Cricket is a very important sport, but not only for India and the subcontinent, but also across the globe. For the IOC, it's a really good development for cricket to be joining the programme. It will resonate with the Indian market and in the private sector, which will spark interest in corporations to be associated with us. And also associating cricket with the Olympics will give access to the Indian fans to watch and be interested in participating in other sports too. So it benefits crickets and also Olympic sports. Q. A lion’s share of the IOC’s revenues comes from broadcasting rights–in the Tokyo Games cycle, it accounted for about 61 percent. Can you tell me how it's shaped up from cycle to cycle?
The broadcast revenues have evolved in a way that has been quite extraordinary for us. The strength of that broadcast is not only do we have an excellent product, we continue to invest in this product by making sure that we add new sports. You've seen the different sports that we have added in the recent future, maybe for the younger demographic, like skateboarding, climbing, surfing. We’ve also continued to add new events–like the recent announcement of the Olympic Qualifier series that will be launching in Shanghai and then Budapest. That will capture the audience beyond the period of these Games. We’ve also put our foot into esport, and the recent Olympic Esports Week was a test case. Q. Tell me about the IOC’s experiment with esports, the trends you’ve noticed from the Singapore event.
We're noticing a very engaged audience with esports. It's a young audience and definitely a demographic we want to make sure continues to be acquainted with and engaging with sports in future. We want to make sure that we find a path for how we can integrate esports into the Olympic movement. I'm not going to tell you we have all the answers, but what the event in Singapore has taught us is that this is an area and space we want to occupy more in the future. Q. Do you see esports being included in the Olympic Games sometime in the future?
Possibly. Q. One of the recommendations of the Olympics Agenda 2020+5 to innovate for newer revenue generation models. What are some of these areas that the IOC is exploring, and how far have you been successful?
We rely on two major revenue sources today–media, which you’ve mentioned earlier constitutes 61 percent, and sponsorship, which is about 30 percent. The rest of the revenues today mostly come from licensing and revenue share. A couple of things that we are now exploring, one is ecommerce. We've developed our own ecommerce platform where we sell, not only merchandising from the Olympic Games, but we have also Olympic-dedicated lines.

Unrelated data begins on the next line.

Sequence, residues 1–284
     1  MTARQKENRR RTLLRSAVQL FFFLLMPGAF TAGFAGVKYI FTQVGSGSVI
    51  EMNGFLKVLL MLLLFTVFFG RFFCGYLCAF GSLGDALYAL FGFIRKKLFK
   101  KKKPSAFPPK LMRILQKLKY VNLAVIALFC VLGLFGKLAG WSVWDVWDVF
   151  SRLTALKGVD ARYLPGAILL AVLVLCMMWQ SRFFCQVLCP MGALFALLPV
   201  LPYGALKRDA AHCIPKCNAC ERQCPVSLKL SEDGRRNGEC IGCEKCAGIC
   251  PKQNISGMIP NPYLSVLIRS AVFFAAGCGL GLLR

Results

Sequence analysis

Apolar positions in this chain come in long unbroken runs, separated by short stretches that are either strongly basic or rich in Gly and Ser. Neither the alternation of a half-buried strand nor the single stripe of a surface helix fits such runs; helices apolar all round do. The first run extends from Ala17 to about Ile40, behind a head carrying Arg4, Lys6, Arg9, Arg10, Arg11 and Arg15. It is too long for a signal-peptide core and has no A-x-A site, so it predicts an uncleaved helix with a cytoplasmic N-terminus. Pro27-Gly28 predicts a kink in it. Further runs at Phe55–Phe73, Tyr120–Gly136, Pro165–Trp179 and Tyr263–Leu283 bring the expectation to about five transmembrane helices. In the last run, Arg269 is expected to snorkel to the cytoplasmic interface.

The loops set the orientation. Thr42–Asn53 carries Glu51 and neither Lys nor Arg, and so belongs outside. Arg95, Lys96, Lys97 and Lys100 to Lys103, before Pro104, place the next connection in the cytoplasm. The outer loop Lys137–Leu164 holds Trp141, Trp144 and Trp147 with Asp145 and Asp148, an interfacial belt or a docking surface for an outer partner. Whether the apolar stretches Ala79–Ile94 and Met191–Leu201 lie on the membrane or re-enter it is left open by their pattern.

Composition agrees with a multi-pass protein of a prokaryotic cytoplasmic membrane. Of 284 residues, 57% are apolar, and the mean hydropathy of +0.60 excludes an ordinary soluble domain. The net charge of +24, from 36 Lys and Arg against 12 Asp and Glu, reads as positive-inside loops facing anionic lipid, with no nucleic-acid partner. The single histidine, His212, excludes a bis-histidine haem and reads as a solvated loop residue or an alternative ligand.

We have also started to create our own content licencing business, and a few years ago released a successful documentary, The Redeem Team, which we produced and licenced to Netflix. We’re continuing on that route by creating and licensing content that resonates beyond the Games and makes people acquainted with Olympic sports across the globe.
Also read: The spirit of Olympics, through art and films Q. Of late, a number of geopolitical imbroglios have come up, like the war in Ukraine, and the recent Israel-Hamas one too. Have these impacted the IOC’s sponsorship goals?
They haven’t, because global companies are living in the same environment that we are. Every corporation in the world faces those challenges and has to respond according to their own values. Q. On the digital front, Tokyo 2020 was the most–watched Games ever, with a 74 percent increase in digital traffic. What’s IOC’s strategy for digital growth for Paris 2024?
One, the efforts that we make when we seek distribution of our media rights. Today, we absolutely emphasise the importance to our media rights holder of providing access to the Games footage on their digital platforms. While the bulk of our audience has traditionally come from television, we see that trend changing because consumption habits are changing.
In particular in India, we've been observing how the audience behaves, we see that the younger population consumes predominantly through digital devices. And it’s a trend that’s growing. It’s difficult to give you a percentage, but I'm expecting that, probably in India, the total consumption on digital will be higher than any other country in the world. Q. Do you see it overtaking linear TV?
It may in certain countries, but I don't see it overtaking on a global level yet.